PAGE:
COP-12: COP-12 convened from 3-15 November 2002 in Santiago, Chile. Delegates considered 60 proposals and over 60 resolutions on a range of topics, including strategic and administrative matters, implementation of the Convention, and consideration of proposals for amendment of Appendices I and II. This included the listing of seahorses, basking and whale sharks and bigleaf mahogany in Appendix II, and rejection of the proposals to downlist populations of minke and bryde’s whales from Appendix I to Appendix II. A listing proposal for the Patagonian toothfish was withdrawn. A proposal for an Appendix I listing of all African elephant populations was also withdrawn, ceding to the COP’s decision to allow three African States - Botswana, Namibia and South Africa - to sell a limited and strictly controlled amount of their registered ivory.


THIRTEENTH MEETING OF THE PLANTS COMMITTEE: PC-13 met in Geneva, Switzerland, from 12-15 August 2003, to consider strategic planning, significant trade in plants, and evaluation of the Review of Significant Trade (RST). Delegates also followed-up on COP-12 decisions on Harpagophytum spp. (devil’s claw), Guaiacum spp. (lignum vitae) and Aquilaria spp. (agarwood), and agreed on the terms of reference and schedule for the review of criteria for amending Appendices I and II.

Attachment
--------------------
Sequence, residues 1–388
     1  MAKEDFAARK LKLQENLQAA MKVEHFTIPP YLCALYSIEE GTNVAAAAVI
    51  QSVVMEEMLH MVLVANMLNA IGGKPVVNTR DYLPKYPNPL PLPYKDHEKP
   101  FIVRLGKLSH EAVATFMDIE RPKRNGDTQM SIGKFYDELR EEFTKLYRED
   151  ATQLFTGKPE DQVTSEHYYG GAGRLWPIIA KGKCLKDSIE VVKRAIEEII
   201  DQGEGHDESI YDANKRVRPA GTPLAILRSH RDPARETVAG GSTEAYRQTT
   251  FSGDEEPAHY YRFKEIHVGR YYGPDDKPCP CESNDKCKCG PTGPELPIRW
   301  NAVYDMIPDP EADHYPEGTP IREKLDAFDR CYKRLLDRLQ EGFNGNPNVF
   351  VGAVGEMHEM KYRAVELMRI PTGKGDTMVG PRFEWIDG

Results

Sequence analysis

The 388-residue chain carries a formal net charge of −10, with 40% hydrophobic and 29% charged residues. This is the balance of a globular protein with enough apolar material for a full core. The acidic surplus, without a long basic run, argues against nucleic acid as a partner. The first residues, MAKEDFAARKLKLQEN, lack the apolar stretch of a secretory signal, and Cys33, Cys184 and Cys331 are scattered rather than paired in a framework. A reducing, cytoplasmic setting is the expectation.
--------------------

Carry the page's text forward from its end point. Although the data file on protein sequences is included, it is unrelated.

NINETEENTH MEETING OF THE ANIMALS COMMITTEE: AC-19 met from 18-21 August 2003 in Geneva, Switzerland, to consider: strategic planning; RST; review of criteria for amendment of Appendices I and II; periodic review of animal species included in the Appendices; transport of live animals; conservation of, and trade in, tortoises and freshwater turtles, seahorses, sea cucumbers, sharks, and hard coral; and trade in alien species.

FOURTEENTH MEETING OF THE PLANTS COMMITTEE: PC-14 convened from 16-20 February 2004 in Windhoek, Namibia, to discuss, inter alia: the review of resolutions on plants and plant trade; definition of technical terms used in the annotations for medicinal plants; significant trade in plants; review of the appendices; follow-up of decisions from COP-12; and species proposals for COP-13. Working groups were set up to further address specific issues, including: RST; plants and plant trade resolutions; annotations for artificially propagated hybrids; annotations for CITES-listed medicinal plants; regional representation and communication; and review of criteria for amendment of the appendices.